On the British Open golf championship final month, Collin Morikawa cantered to victory and have become the primary participant within the occasion’s 161-year historical past to take dwelling greater than $2 million in prize cash.
Whereas that was a worthwhile week’s work for the younger Californian, it additionally meant a bumper pay day for his caddie, Jonathan ‘JJ’ Jakovac, who himself remodeled $200,000 — only for carrying his golf bag.
For a caddie like JJ Jakovac, Morikawa is a dream shopper. Aged simply 24, he has already received 5 PGA Tour titles, together with two main championships, and this week, the pair have been teeing it up within the Olympic Video games in Tokyo. Actually, he appears set for a protracted and profitable profession, which stands to additionally make Jakovac very rich, because of this.
Usually, caddies will negotiate a fundamental weekly wage with their participant (often round $1,500 per week) after which get a lower of any winnings, often 5 %. But when a participant finishes within the high 10, the lower rises to 7 %, and if the participant wins the whole match, the caddie can rake in 10 % of the golfer’s prize cash.
Whereas which will sound like a superb deal, caddies are additionally accountable for their very own bills, together with all meals, lodging, automotive rental and journey (though one of the best gamers may additionally take their caddies with them on their personal jets if want be).
However the association is an uncommon one. Usually there’s no written contract between participant and caddie, with the phrases being made through verbal settlement. And it’s not at all times a straightforward life. Lawrence Donegan spent a yr caddying for skilled golfer Ross Drummond for his ebook “4-Iron In The Soul” — an expertise that not solely opened his eyes to the tough realities of life for caddies but additionally how straightforward it for the connection between employer and bagman to interrupt down.
“Skilled golfers spend as a lot or if no more time with their caddie than they do with their spouse. That’s the fact of the job,” Drummond stated. “Throw within the every day grind of match stress and the inevitable petty frictions which might be a part of the connection — ‘What do you imply you solely packed one banana for a mid-round snack? I informed you I wished three!’ — and you’ve got all of the constructing blocks for divorce.”
ESPN presenter Michael Collins, who turned his again on a profession in stand-up comedy to turn into a professional caddie for gamers corresponding to Wealthy Beem and Daniel Chopra, agrees.
“When that relationship goes dangerous, it’s the worst factor on the planet. It’s like having a girlfriend who you thought was ‘The One’ however you then slowly understand that it simply isn’t going to work,” Collins stated. “While you first get collectively there are all these little issues that you just discover actually cute however then a couple of months down the road they drive you friggin’ nuts to the purpose the place you’ll be able to’t even stand the best way they breathe.”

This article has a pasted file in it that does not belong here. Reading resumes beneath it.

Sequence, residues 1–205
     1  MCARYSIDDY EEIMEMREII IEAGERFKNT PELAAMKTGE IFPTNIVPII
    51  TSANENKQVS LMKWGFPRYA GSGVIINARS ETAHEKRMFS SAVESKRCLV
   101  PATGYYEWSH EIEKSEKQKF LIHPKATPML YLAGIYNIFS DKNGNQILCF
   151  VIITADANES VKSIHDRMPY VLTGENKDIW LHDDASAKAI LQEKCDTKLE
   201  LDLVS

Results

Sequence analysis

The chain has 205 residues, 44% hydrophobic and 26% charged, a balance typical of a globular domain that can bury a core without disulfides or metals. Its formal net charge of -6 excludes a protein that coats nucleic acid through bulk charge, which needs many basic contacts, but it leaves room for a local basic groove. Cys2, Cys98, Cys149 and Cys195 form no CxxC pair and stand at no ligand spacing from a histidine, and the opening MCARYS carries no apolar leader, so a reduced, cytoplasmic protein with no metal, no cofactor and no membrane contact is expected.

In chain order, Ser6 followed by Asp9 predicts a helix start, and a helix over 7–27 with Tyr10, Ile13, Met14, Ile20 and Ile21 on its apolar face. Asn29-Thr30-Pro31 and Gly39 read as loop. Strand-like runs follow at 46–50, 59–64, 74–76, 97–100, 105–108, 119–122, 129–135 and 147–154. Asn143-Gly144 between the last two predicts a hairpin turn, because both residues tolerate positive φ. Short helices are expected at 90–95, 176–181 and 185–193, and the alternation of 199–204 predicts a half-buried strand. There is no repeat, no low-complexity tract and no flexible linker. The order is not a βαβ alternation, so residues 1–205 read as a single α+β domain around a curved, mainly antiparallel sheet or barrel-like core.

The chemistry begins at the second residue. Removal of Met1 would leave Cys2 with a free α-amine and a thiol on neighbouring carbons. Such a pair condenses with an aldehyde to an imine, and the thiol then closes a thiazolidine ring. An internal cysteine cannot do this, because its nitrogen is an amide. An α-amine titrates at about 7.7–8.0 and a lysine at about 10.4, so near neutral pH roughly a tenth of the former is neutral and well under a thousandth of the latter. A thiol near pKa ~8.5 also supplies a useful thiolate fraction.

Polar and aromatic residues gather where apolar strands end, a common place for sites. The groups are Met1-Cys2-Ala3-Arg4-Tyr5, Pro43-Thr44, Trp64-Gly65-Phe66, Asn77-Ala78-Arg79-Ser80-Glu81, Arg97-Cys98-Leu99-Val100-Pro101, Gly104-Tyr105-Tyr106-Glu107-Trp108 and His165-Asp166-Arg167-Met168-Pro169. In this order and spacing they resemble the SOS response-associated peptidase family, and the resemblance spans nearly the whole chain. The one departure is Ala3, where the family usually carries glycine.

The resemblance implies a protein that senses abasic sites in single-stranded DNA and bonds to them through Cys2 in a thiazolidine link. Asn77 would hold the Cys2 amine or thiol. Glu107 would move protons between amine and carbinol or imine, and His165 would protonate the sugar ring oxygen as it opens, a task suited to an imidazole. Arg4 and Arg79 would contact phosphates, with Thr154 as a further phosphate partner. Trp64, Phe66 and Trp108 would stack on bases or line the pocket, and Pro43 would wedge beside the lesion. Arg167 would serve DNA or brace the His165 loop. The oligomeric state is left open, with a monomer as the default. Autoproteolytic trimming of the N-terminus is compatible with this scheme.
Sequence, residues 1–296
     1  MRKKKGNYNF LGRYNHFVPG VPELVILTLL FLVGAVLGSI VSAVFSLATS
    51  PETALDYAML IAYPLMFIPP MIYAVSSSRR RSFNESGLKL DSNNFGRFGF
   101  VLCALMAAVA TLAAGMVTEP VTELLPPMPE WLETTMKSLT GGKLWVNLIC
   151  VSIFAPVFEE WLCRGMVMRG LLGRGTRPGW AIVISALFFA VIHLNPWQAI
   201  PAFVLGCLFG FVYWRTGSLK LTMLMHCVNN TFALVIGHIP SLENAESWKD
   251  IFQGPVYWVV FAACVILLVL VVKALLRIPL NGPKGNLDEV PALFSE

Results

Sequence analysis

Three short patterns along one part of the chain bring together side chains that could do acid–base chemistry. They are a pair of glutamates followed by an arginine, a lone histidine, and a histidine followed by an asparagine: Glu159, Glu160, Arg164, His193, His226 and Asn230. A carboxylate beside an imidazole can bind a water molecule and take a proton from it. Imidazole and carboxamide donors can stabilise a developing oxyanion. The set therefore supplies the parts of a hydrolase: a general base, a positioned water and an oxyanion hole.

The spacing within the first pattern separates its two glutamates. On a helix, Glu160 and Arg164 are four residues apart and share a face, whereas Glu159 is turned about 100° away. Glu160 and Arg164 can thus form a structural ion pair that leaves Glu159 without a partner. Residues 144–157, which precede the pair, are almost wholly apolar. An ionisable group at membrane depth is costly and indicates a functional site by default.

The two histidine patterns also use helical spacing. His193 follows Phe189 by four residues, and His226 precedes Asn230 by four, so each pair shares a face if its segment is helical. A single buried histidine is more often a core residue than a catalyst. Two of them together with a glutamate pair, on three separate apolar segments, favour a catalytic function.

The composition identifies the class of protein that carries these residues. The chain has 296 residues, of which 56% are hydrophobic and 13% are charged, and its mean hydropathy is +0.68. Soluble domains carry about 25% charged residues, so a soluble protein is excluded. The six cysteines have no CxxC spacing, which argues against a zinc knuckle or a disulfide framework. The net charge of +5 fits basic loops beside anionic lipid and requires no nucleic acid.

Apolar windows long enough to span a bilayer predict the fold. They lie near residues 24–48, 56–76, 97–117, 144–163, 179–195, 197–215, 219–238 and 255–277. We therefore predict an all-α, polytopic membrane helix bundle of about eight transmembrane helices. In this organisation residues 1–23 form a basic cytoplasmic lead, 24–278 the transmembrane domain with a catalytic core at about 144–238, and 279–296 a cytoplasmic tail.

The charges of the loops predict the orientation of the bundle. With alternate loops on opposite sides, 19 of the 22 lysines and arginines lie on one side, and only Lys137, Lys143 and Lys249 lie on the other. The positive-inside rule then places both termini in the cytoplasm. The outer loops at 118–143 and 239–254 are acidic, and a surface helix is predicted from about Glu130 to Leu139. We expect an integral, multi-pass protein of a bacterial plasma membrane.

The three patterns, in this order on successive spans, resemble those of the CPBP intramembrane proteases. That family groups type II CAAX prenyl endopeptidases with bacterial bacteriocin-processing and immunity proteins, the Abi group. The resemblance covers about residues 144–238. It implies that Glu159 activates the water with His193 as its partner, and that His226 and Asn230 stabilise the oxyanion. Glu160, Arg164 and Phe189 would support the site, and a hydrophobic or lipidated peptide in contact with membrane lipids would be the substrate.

And for these caddies not working for essentially the most profitable gamers, it may be a monetary battle, stated Billy Foster, who has caddied for Lee Westwood, Sergio Garcia and the late Seve Ballesteros.
“I most likely caddied for six or seven years the place I didn’t have a bean to my identify,” stated Foster, who now caddies for the Englishman Matt Fitzpatrick. “I used to sleep on trains, buses, anyplace. I even slept in a bush one evening. And I stayed in some horrendous inns — even rats got here into the room and ran out once more.”
However in the event you get on the precise bag, there’s some severe cash to be made.
Have a look at Tiger Woods’ former caddie, Steve Williams. Although he had already loved success because the caddie for family names like Greg Norman and Raymond Floyd, the New Zealander actually made his identify — and his fortune — when he teamed up with Tiger in 1999. The Kiwi labored for Woods till 2011, serving to him to win 64 instances on the PGA Tour, together with 13 majors. Throughout that profitable streak, Woods received in extra of $90 million in prize cash, that means Williams took dwelling an estimated $12 million for his efforts.
Williams’ success was such that he was typically described as New Zealand’s highest-earning sportsman. In 2006, for instance, he earned an estimated $1.27 million which, had he been a participant, would have put him comfortably on the planet’s high 75.
It’s a greater life for caddies now, particularly since Woods emerged on the scene, pushing normal curiosity within the sport — and potential prize cash — sky excessive. High caddies can simply make six-figure salaries with 5 making greater than $350,000 in 2020. A kind of was Justin Thomas’ caddie, Jimmy Johnson, who is claimed to have earned in extra of $500,000. (In 2019, after authorized motion from the Affiliation of Skilled Tour Caddies, the PGA Tour additionally started offering personal healthcare provision for caddies and their households.)
Billy Foster, who stood in for Steve Williams and carried Woods’ bag throughout the Presidents Cup in 2007, is in little question concerning the debt his occupation owes to Tiger. “All caddies ought to have an image of Tiger of their home with a mat to bow to him each morning,” he stated.
“Tiger raised the bar for the remaining they usually have adopted. The publicity of golf went via the roof and the tournaments, by way of high quality and prize cash, are ten instances higher than after I began caddying.”
Former caddy Donegan agrees.